Selling yourself

- April 29, 2009

Master's student Stephen Petersen and PhD candidate in oceanography Yuehua Lin discuss their C.V.s with workshop leader Sunny Marche. (Nick Pearce Photo)

You’ve done your course work. You’ve completed your research, written your thesis and defended it. Now what?

It’s time to get together that all important curriculum vitae.

For those of us who don’t know Latin, a curriculum vitae is basically “the story of your life,” informs Sunny Marche, Associate Dean of Graduate Studies. He recently presented the session, Building a More Effective Curriculum Vitae, to a roomful of graduate students.

Also called a CV, a curriculum vitae is more detailed than a resume, which is usually kept to one or two pages.

“A CV is a sales document,” says Dr. Marche, whose own CV runs to eight pages and can be tailored depending on what audience it is being used for. “And the product you are selling is you.”

Dr. Marche has some definite ideas on what a CV should contain—and what it shouldn’t. Namely, don’t include your photograph, your height, weight, age and any wacky hobbies, unless they’re relevant to the position you’re applying for. “You want to avoid anything that might result in a quick no,” he says.

Things to include are: contact information, educational details (without going back too far), a summary of relevant employment history, funding sources, awards, publications and works in progress, papers/presentations/panels, teaching experience, and professional and academic associations.

References should be made available only on request.

His advice extends to what kind of fonts to use: a clean, sans serif font for headings—“they hold the eye longer” —and a serif font for the text. He also recommended forgoing fancy paper stock and instead using a high-quality white paper that can be easily photocopied.

The most important thing about preparing your C.V. is to check and double-check that the grammar is correct and everything is spelled right. Having a potential employer find a typo is a sure-fire way to have your C.V. tossed on the reject pile, says Dr. Marche.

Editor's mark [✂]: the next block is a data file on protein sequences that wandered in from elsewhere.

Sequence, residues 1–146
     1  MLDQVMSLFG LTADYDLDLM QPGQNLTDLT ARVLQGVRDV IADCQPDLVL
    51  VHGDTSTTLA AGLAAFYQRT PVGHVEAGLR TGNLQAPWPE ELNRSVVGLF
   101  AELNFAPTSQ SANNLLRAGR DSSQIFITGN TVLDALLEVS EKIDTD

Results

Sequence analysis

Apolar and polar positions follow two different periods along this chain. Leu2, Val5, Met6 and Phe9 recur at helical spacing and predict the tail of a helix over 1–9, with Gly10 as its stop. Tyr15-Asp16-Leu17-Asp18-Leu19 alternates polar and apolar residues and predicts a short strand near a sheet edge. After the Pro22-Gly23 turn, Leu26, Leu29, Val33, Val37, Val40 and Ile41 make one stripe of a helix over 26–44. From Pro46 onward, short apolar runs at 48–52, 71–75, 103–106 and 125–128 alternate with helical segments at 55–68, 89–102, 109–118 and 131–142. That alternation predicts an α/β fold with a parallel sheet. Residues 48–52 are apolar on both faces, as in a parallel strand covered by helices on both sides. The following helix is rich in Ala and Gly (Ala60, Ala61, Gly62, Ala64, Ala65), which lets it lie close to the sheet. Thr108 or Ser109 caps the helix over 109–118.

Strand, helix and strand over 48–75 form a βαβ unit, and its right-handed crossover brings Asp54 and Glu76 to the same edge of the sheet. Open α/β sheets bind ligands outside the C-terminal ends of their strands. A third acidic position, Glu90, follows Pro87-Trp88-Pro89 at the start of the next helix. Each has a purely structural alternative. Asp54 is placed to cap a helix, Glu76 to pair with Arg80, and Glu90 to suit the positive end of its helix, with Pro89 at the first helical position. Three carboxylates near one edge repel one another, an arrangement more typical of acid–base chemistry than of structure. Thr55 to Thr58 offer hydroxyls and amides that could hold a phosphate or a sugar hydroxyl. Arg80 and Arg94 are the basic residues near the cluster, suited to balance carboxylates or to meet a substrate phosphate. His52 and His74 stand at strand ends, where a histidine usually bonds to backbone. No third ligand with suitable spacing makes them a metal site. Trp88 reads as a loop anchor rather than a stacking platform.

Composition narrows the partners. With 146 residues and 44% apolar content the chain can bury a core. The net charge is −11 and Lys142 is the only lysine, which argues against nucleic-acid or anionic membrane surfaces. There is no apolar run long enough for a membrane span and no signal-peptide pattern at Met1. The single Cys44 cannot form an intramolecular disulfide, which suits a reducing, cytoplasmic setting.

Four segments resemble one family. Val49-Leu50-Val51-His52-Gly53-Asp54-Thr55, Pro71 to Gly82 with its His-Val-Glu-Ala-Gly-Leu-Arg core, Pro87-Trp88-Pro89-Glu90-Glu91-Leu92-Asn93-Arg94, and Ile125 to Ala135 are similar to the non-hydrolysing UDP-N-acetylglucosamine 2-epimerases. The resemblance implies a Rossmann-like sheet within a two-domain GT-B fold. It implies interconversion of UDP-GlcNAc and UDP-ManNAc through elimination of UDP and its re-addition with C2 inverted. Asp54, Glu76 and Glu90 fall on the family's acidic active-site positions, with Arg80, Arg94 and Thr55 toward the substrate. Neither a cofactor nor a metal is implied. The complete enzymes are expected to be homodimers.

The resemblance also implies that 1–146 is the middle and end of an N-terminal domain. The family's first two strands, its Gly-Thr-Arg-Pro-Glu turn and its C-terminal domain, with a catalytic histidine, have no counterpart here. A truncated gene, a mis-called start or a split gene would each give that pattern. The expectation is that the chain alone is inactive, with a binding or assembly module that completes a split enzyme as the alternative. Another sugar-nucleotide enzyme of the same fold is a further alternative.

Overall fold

“Proofread it. Typos mean that there’s been a lack of attention to detail,” he stresses. “And get a second pair of eyes to read it over too.”

That’s ditto for your covering letter.

Once your C.V. is prepared, its key to keep it updated. Add papers you’ve had published and conferences you’ve presented at so that it’s up-to-date and ready to go.

After spending six years on his interdisciplinary PhD, Al Joseph says a refresher on how to write a C.V. is just what he needed.

“I’ve been at this for so long that sometimes what you need is some straight-ahead, practical advice,” says Mr. Joseph, whose area of expertise is renewable energy. While looking for a job is “a source of anxiety,” he adds, “I’m looking forward to it at the same time.”

“I’m usually pretty polite in saying what my strengths are,” says Vaneeta Kaur Grover, who is heading to Edmonton to join her fiancé with her PhD in statistics in tow. “What I heard from Dr. Marche is that this is no time to be shy. You’ve got to get out there and present yourself.”


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